Over the years, Mercy has played a major role in transforming care for victims of heart attack in central Iowa.
In 2004, Mercy collaborated with community hospitals and emergency medical response (EMS) teams to implement the Level 1 Heart Attack Protocol – a program designed to reduce the time to treatment for rural Iowans who suffer from heart attacks and cannot quickly access the level of treatment often offered only in urban areas.
Fast action saves lives
The Level 1 Heart Attack Protocol begins when a patient with acute myocardial infarction (heart attack) arrives at a community hospital, such as Newton, Grinnell, Centerville or Boone. After evaluating and stabilizing the patient, the community emergency department declares a Level 1 heart attack. Coordination immediately begins on a number of different fronts. Trained personnel, who understand that fast response is essential to aid recovery, coordinate emergency transportation and promptly arrange with air or ground crews for the quick transport of the patient.
The Level 1 team at Mercy begins work immediately. Before the patient even arrives, admission staff complete registration information based on data submitted by the community hospital to ensure a bed is available. Designated nurses work closely with key hospital departments to share patient information such as intubation, cardiac arrest, interpreter requirement and changes in patient status. A full cath lab team are prepared to act when the patient arrives.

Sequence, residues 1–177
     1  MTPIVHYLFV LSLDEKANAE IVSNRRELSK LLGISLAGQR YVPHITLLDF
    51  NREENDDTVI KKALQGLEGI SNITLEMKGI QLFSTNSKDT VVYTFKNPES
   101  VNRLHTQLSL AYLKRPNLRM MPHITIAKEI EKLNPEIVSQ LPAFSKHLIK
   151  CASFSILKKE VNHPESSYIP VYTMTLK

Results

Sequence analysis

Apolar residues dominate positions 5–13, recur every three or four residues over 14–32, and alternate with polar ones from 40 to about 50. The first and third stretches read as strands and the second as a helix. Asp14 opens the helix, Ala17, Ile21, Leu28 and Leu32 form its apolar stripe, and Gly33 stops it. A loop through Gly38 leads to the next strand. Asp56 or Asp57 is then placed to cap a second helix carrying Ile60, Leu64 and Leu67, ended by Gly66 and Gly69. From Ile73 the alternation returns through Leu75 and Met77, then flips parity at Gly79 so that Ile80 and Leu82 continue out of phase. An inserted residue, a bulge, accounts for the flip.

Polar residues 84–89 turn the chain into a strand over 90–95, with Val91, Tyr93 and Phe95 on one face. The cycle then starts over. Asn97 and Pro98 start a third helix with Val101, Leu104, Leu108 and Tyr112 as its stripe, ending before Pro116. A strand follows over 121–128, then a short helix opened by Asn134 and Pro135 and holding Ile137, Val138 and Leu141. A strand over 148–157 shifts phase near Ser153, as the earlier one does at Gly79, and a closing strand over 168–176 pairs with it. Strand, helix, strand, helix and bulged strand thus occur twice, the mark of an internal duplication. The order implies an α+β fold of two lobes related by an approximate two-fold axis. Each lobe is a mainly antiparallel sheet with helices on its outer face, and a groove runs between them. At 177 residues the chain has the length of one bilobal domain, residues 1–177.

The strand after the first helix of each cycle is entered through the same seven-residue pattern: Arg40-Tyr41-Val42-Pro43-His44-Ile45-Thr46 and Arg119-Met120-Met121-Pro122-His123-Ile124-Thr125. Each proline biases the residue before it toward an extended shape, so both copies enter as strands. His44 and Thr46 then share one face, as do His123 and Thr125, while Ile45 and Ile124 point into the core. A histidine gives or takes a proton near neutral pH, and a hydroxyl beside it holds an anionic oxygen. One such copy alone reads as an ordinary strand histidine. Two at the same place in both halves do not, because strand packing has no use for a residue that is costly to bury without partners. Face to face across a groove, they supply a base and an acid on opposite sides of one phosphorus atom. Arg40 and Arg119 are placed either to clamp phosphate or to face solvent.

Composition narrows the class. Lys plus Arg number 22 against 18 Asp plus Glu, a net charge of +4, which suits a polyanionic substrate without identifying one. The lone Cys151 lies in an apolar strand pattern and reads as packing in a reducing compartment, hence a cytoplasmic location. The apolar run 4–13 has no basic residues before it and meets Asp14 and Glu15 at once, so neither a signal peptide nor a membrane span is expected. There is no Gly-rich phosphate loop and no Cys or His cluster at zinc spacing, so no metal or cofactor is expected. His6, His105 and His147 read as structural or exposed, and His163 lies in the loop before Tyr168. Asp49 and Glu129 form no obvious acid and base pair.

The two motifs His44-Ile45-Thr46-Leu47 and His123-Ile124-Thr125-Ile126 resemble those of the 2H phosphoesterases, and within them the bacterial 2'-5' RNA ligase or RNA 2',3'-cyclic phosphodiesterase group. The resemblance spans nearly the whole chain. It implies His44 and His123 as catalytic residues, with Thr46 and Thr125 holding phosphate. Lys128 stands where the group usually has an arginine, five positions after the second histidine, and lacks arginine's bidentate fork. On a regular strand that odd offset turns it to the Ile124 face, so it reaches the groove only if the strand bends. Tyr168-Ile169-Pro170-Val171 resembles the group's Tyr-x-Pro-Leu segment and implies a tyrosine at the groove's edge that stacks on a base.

Patients are moved from the helicopter or ambulance directly to the cardiac cath lab, where the team is standing by. The treatment goal is to direct angioplasty/stenting within the national goal of 90 minutes or less from the time the patient arrives at their local emergency department to balloon inflation at the Mercy cath lab; Mercy’s average time is 55 minutes.
Today, 24 hospitals participate in the in the protocol and more than 1,000 patients have benefited from the program.